Mandisa, “American Idol” Star and Grammy-Winning Singer, Dead at 47: 'We Ask for Your Prayers'

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The Christian gospel songstress was a standout on Season 5 of the singing competition series

Mandisa, the Grammy Award-winning singer who got her break as a contestant on season 5 of American Idol, died on Thursday, April 18 at the age of 47.

“We can confirm that yesterday Mandisa was found in her home deceased," a rep for the singer tells PEOPLE in a statement. "At this time we do not know the cause of death or any further details. We ask for your prayers for her family and close knit circle of friends during this incredibly difficult time."

Born and raised in Citrus Heights, California, Mandisa studied music in college before auditioning for Idol in 2005.

A soulful singer with a magnetic personality, she'd go on to gain national attention on the reality competition show's fifth season (which began airing in 2006), making it to the top 10 alongside favorites like Katharine McPhee, Kellie Pickler, Chris Daughtry, Paris Bennett, Elliott Yamin and eventual winner Taylor Hicks.

<p>Annette Holloway/Icon Sportswire via Getty </p> Mandisa in Nashville in October 2018

Annette Holloway/Icon Sportswire via Getty

Mandisa in Nashville in October 2018

Related: American Idol Winner Taylor Hicks Leads Tributes Mandisa After Her Death: 'A Powerhouse Person' (Exclusive)

On the series, Mandisa earned praise from judges Simon Cowell, Paula Abdul and Randy Jackson for her performances of songs like Chaka Khan's "I'm Every Woman" and Stevie Wonder's "Don't You Worry 'Bout a Thing." She was eliminated in the top 9, and even forgave Cowell after he poked fun at her weight.

But an Idol elimination didn't stop Mandisa's quest for success.

She went on release her debut album, True Beauty, in 2007. The LP debuted at No. 1 on the Top Christian Albums charts — a historic feat that made Mandisa the first new female artist ever to debut on the top of the chart's 27-year history.

True Beauty was the first six albums Mandisa would release throughout her career, including an acclaimed 2008 holiday record, It's Christmas, and her most recent offering, 2017's Out of the Dark.

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<p>Jason Merritt/FilmMagic</p> Mandisa and Ryan Seacrest on 'American Idol' in 2006

Jason Merritt/FilmMagic

Mandisa and Ryan Seacrest on 'American Idol' in 2006

Four of those albums — True Beauty, Freedom (2009), What If We Were Real (2011) and Overcomer (2013) — all earned Mandisa Grammy nominations, the first two for best pop/contemporary gospel album and the last two for best contemporary Christian music album. She'd take the trophy in 2014, the same year she was also nominated for best gospel/contemporary Christian music performance for her song, "Overcomer."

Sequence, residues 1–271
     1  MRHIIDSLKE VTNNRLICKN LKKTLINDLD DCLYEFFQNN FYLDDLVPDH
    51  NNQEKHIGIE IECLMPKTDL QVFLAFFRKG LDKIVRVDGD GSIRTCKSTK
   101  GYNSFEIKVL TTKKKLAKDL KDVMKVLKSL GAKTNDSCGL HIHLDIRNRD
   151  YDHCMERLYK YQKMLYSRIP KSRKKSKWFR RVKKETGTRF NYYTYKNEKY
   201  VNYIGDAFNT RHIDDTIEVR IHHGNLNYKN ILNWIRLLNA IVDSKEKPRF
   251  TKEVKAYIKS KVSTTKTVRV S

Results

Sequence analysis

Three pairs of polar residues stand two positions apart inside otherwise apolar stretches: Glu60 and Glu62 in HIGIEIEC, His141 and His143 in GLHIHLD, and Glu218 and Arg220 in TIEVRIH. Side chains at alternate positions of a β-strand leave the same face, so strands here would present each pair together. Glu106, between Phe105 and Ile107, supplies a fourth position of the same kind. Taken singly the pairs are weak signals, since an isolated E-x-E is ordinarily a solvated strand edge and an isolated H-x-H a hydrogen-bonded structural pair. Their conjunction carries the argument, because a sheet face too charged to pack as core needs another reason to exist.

Notable collaborators over the years included TobyMac, Michael W. Smith, Jordan Feliz, Jon Reddick, Kirk Franklin and Matthew West — many who praised the singer for her talent and generosity, both on stage and off.

<p>Terry Wyatt/Getty </p> Mandisa in May 2018

Terry Wyatt/Getty

Mandisa in May 2018

Fame, however, brought Mandisa ups and downs.

Her 2022 memoir Out of the Dark: My Journey Through the Shadows to Find God's Joy, chronicled her experience with depression and anxiety following the loss of a close friend to cancer, which she called her "deep dark" period. Seeking comfort in food, she isolated herself as her health spiraled.

“When she passed away, it shook the foundations underneath me. I sank into a deep pit of depression. I turned back to my old ways, which is food," Mandisa told PEOPLE in 2017, noting she gained back the 120 lbs. she had previously lost, plus 75 lbs. more.

During that period, Mandisa became a recluse. “You’re battling shame, and you don’t want to leave the house,” she recalled. “I didn’t leave the house, for the most part. When I got up, I went downstairs, sat in the recliner, and I watched television nonstop. The only time I left was when I got tired of pizza delivery and decided to get McDonald’s.”

As her lowest point, she even considered suicide. “I was so miserable; I felt so hopeless,” said Mandisa. “I am a woman of faith, and I believe that heaven is real, and when I do leave here, I’m going to be in heaven with Jesus. One of the things I started hearing during that dark period was: ‘You’re in so much pain. If you take your life, you could be in heaven right now with Jesus.'”

<p>John Shearer/WireImage</p> Mandisa in January 2010

John Shearer/WireImage

Mandisa in January 2010

Related: 'American Idol' 's Mandisa Recalls Having Friends Stage an Intervention After Her 'Deep Dark' Period

An intervention staged by her friends helped wake her up to the realities of her mental health situation and helped put her on a track where she could begin to cope with the emotions she'd internalized.

"The darkness felt a little less dark," she wrote in her book. "I could see a small flicker. Light was beginning to break through."

The Platinum-selling singer went on to praise the meaningful connections she has among her diverse friendship circle.

"During my life I've been drawn into friendships with all types of people — some very different from me," said Mandisa. "My tribe has included men, women, single people, married people with kids, millennials, more 'seasoned' folks, and every age in between. ... You learn so much and become a richer person by surrounding yourself with people who are different from you. As I've walked through hard things in my life, I've sometimes been surprised by the people God has used to comfort and help me. At times I get to be there for them too. That's what it's all about."

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